Diagnosis of food allergy
It is important to use reliable methods to diagnose food allergy in order to avoid unnecessary dietary restrictions. It is also important to understand that diagnosis of food allergy is generally not based on a single test.
Individuals with food allergy develop symptoms by eating foods that are simply part of a healthy diet for the vast majority of the population.
The only way for the allergic individual to manage their condition is to avoid eating the food that causes the allergic reaction.
Unfortunately, the public generally overestimates the number of people with food allergy. As a result many people avoid certain foods unnecessarily. Reliable diagnostic methods are required in order to avoid such unnecessary dietary restrictions.
Accurate food allergy diagnosis is a specialised procedure requiring considerable clinical expertise. Currently, there are a range of diagnostic tests and procedures available to medical doctors.
Diagnosis requires a compelling clinical history, positive skin prick test, positive allergen-specific serum immunoglubin E, and/or oral food challenge.
All the current diagnostic tests have advantages and shortcomings. Further research is required to develop more accurate, convenient, and cost-effective tests.
Self-diagnosis of food allergy is notoriously unreliable, and failing to have a serious food allergy diagnosed could be potentially life-threatening. Therefore, people who suspect that they have a food allergy should seek specialist medical advice.
Currently, there are a range of diagnostic tests and procedures such as skin prick testing, blood tests, and challenge testing available to clinicians.
Generally, people with health problems first visit a primary care physician, such as a GP. In most European countries physicians refer patients to specialists when they suspect food allergy.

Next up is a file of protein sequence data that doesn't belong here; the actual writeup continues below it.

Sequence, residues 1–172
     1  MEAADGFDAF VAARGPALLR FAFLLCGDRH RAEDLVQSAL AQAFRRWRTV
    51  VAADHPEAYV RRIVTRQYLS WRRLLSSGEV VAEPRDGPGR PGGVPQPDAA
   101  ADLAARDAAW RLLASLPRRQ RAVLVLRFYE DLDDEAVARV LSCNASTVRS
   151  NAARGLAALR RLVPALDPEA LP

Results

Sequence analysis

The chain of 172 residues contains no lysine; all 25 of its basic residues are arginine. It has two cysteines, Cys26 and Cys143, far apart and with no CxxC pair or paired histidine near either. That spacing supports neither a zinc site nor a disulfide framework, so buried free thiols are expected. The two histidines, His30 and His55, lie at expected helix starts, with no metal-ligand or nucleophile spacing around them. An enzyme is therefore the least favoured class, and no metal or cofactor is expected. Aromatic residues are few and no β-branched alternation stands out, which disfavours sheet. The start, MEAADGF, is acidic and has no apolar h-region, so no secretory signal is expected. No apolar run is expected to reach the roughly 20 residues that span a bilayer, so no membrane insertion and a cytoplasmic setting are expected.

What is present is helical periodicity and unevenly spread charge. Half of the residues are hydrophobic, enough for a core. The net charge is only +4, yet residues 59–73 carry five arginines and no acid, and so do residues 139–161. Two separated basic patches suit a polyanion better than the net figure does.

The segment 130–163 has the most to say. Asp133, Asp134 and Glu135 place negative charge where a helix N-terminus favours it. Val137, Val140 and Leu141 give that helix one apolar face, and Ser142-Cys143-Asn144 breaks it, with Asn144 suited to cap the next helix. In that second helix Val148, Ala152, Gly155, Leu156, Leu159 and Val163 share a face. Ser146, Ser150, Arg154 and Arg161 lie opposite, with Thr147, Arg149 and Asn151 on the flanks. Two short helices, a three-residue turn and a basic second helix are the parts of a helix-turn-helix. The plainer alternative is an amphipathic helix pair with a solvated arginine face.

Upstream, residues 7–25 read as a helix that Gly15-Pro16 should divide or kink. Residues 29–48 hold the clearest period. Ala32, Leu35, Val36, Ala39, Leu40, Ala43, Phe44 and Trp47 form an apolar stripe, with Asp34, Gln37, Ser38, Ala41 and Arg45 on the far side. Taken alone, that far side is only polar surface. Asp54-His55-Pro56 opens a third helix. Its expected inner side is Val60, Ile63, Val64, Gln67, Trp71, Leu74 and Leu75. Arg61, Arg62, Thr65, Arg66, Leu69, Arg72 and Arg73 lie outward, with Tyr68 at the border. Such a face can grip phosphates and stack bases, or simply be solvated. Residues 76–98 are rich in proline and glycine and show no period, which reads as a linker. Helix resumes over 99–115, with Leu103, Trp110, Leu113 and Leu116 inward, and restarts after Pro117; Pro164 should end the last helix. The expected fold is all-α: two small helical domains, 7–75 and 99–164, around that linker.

To diagnose food allergy the medical specialist will first take a full clinical history, and perform a clinical examination.
The clinical history will record details of past allergic reactions and other allergic conditions such as asthma, eczema and hay fever, and consider any seasonal or environmental symptoms, as well as any other relevant medical observations.
The clinical examination consists of a close look to see if there are allergic symptoms involving the skin, eyes and nose.
If the patient is asthmatic, the clinician may assess this by measuring the capacity of the lungs. This information will help the specialist decide which tests are appropriate.
The first test is usually a test for the detection of food-specific IgE antibodies, which have been shown to be predictive of IgE allergies, although they do not infer severity (Maloney, Rudengren et al. 2008).
A second test may be used, which is called a food challenge test.
Skin prick and blood tests
Skin prick tests are inexpensive, minimally invasive and results are immediately available.
In the skin prick test a tiny prick is made with a 1mm lancet through which drops of allergen extracts placed on the skin.
The test is positive if the skin becomes red and swollen at the site of allergen entry. A reaction of at least 3mm diameter is considered positive (Heinzerling, Mari et al, 2013).
In the blood test a blood sample from the patient is analysed for food-specific IgE antibodies using allergen extracts.
Generally, blood or skin prick tests used by medical specialists are efficient in ruling out allergy to a food when the test result is negative. However, in some cases the tests are negative, but a patient may still have symptoms when consuming a food.
The reliability of the results for example depends on the quality and stability of the food allergen extracts used. It is therefore important to use evaluated and well-documented tests and allergen extracts.